Justice for victims of gender-based violence is elusive
For many victims of gender-based violence, navigating their way through the criminal justice system is a daunting journey.
This is the perspective of a woman who was raped and has seen her attacker walk free, owing to "lack of evidence" in court.
The woman, who cannot be named to protect her identity, was inconsolable when she saw her case fall apart.
"It was difficult to come to terms with and I still have not been able to deal with it despite receiving counselling regularly," she said.
She was raped, allegedly by her cousin during a family gathering in 2012.
"I was 17 at the time. My family had gathered at my grandmother's house for her 80th birthday party so I felt safe and never imagined that anything bad would happen to me," she said.
She said her older cousin called her to his car and asked her to accompany him to the shops.
"But instead, he drove to a nearby bush where he had his way with me. We returned and I was too scared to tell anyone at the time because I didn't think anybody would believe me," she said.
She told Sowetan that she was only able to confide in her mother after eight months as she could not cope with the horror anymore. Her mother immediately told her that they needed to report the matter to the authorities.
"The incident happened in Hammanskraal, so when we went to the local police station in Soweto, they told us that we needed to go report the matter where it happened. That was the first hurdle," she said.
She said she was forced to endure secondary trauma through the treatment she received at the Hammanskraal police station.
"At first it was difficult to tell the officer in the charge office what had happened because he did not seem interested. But he referred us to another male officer who took me to a separate room. No counselling was offered to me and he was insensitive in the way he questioned me about the incident."
She said she was then referred to the Teddy Bear Clinic where she was told that she would not be able to be assisted because she had just turned 18, even though her ordeal occurred when she was a minor.
"My case was referred to a prosecutor who, after four court appearances, withdrew the charges against my cousin because he said there was not enough evidence.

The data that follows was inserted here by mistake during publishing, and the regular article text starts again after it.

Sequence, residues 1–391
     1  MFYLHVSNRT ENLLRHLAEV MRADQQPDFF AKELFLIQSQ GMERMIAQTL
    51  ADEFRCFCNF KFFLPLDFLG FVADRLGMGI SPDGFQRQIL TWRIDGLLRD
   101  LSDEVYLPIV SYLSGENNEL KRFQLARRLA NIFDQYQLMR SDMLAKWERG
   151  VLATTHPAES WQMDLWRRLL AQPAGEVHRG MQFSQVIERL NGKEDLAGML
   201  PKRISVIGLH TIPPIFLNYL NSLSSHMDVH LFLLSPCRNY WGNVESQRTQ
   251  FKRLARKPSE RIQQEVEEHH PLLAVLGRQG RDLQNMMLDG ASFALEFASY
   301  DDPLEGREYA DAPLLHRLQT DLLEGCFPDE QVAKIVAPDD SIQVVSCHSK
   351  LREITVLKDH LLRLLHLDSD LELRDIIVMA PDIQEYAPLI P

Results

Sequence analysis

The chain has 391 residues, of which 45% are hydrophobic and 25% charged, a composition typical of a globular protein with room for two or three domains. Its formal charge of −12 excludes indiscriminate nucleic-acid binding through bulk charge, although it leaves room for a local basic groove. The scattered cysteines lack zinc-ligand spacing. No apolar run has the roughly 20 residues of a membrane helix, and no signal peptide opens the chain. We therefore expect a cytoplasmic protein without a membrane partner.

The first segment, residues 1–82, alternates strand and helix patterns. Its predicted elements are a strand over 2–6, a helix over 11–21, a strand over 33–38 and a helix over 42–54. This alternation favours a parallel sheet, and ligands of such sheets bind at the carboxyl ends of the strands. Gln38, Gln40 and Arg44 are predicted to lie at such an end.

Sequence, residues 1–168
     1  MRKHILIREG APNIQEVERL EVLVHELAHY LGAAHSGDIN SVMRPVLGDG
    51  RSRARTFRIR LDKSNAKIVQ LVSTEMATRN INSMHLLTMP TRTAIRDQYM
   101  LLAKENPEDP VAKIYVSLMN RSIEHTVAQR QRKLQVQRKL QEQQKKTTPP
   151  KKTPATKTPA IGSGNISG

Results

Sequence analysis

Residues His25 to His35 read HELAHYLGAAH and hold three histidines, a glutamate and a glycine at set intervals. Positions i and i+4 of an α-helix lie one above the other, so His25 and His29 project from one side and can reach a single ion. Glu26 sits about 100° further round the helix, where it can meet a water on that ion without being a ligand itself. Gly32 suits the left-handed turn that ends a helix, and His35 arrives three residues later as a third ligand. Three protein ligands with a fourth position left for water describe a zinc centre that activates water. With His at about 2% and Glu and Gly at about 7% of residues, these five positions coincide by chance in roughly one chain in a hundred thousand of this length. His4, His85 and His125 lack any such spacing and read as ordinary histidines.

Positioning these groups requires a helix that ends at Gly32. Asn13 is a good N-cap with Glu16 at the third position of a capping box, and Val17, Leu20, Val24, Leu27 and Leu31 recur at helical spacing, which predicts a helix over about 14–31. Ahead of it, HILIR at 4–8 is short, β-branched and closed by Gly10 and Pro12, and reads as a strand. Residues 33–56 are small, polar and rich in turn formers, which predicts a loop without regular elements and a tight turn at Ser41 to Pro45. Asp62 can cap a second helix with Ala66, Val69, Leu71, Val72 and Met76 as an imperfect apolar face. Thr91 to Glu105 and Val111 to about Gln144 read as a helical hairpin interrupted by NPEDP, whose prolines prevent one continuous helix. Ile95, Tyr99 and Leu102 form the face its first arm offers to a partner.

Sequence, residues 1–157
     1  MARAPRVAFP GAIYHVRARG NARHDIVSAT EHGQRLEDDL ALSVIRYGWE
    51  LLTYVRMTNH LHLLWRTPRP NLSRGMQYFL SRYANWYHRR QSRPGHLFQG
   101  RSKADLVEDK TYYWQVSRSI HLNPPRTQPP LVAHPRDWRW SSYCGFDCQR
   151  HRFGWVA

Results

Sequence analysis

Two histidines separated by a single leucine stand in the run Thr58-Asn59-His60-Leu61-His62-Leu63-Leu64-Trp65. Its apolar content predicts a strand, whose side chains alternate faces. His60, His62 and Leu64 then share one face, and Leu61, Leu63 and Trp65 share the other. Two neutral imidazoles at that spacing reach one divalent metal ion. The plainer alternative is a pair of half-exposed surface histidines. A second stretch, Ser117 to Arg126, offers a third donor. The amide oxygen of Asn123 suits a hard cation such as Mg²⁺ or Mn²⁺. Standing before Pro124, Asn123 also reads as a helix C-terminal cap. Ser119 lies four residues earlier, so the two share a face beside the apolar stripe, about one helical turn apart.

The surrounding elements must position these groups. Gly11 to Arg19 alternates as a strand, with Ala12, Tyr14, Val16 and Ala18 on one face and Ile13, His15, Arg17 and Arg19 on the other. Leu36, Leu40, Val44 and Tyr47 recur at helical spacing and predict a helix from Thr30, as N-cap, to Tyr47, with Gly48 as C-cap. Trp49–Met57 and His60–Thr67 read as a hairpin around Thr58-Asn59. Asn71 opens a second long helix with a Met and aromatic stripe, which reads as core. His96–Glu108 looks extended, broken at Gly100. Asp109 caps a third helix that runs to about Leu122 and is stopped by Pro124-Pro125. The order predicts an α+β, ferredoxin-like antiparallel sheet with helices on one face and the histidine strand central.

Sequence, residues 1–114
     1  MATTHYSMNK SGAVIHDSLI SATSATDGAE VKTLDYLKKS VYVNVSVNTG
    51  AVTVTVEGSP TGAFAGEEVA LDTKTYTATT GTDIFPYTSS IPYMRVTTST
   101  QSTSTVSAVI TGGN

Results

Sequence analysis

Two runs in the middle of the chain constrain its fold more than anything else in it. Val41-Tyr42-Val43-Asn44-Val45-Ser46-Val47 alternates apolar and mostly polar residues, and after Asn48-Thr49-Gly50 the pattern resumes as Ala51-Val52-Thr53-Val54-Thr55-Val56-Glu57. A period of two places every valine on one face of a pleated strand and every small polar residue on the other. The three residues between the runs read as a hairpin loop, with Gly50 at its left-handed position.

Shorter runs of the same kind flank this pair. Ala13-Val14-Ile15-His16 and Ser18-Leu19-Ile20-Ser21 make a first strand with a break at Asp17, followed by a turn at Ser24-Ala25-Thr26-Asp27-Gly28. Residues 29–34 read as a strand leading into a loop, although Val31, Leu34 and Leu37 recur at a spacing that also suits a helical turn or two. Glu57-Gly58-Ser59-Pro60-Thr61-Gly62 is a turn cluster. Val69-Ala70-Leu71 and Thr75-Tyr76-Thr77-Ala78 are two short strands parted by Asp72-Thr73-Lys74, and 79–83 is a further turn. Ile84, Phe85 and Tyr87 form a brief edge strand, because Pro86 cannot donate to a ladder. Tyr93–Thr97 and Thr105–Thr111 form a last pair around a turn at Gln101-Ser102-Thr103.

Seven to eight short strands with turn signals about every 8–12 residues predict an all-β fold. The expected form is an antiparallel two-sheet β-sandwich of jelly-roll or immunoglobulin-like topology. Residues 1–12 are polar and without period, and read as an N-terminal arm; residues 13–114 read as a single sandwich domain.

"The prosecutor did not even know my name and treated the case like it was a petty crime," she said.
She said the pain and trauma she felt has never left her.
Now 24, the woman said a better approach needs to be adopted in the criminal justice system in order to assist victims with attaining justice.
Despite the cracks that exist in the system, a ray of hope does exist in the form of civic organisations that aim to obtain justice for victims by offering them legal support and counselling.
Tshwaranang Legal Advocacy Centre (TLAC) director Welekazi Stofile said the greatest challenge for women who have fallen prey to the scourge of sexual and gender-based violence is accessing justice.
"When you talk about the criminal justice system, you talk about a chain that starts from the police to the courts, to social development, health care establishments, all the way up to correctional facilities," she said.
Stofile said the system was flawed in a sense that it did not provide adequate support to victims in each link in the chain.
"At times, police stations lack the capacity to deal with a rape victim, then you find a prosecutor or magistrate who does not take the matter seriously by not showing up to court or following up on important information. Cases are then lost and the victims are the ones that are left to pick up the pieces," Stofile said.
TLAC provides legal advice and support, including free legal representation, budget permitting, to women survivors of gender-based violence and was recently the recipient of R100,000 from Diageo South Africa, the makers of leading spirits brands in the country.
"Due to funding constraints, we cannot provide free legal representation to every women that comes to our offices, so for those ones we offer legal advice and support but they have to go through it on their own," she said.
The visible policing unit's Lt-Col Tshekiso Mofokeng conceded that police cannot work alone in tackling the issues that have been raised and said they have improved their approach to assisting victims of sexual and gender-based violence at police stations.
He added that victims of crime were no longer required to register cases in the area where crimes were committed but should do so at the nearest police station.
"Because of this, we have piloted a floor management system that has been piloted in 40 police stations in Gauteng, to limit the potential of secondary trauma. We have trained officers to approach victims of crimes so that they can identify victims of sexual assault and direct them to a safer environment within the station," Mofokeng said.
He urged communities to report officers who treat victims with insensitivity.
Advocate Pule Mathaha from the National Prosecuting Authority said cases were won and lost based on the weight contained in the statements provided to them.
"In some cases you know that someone has been raped just from their statements, but we do not have enough evidence to win a case. Some cases can be proven by one statement, some with DNA evidence and some require a long list of witnesses," Mathaha said.
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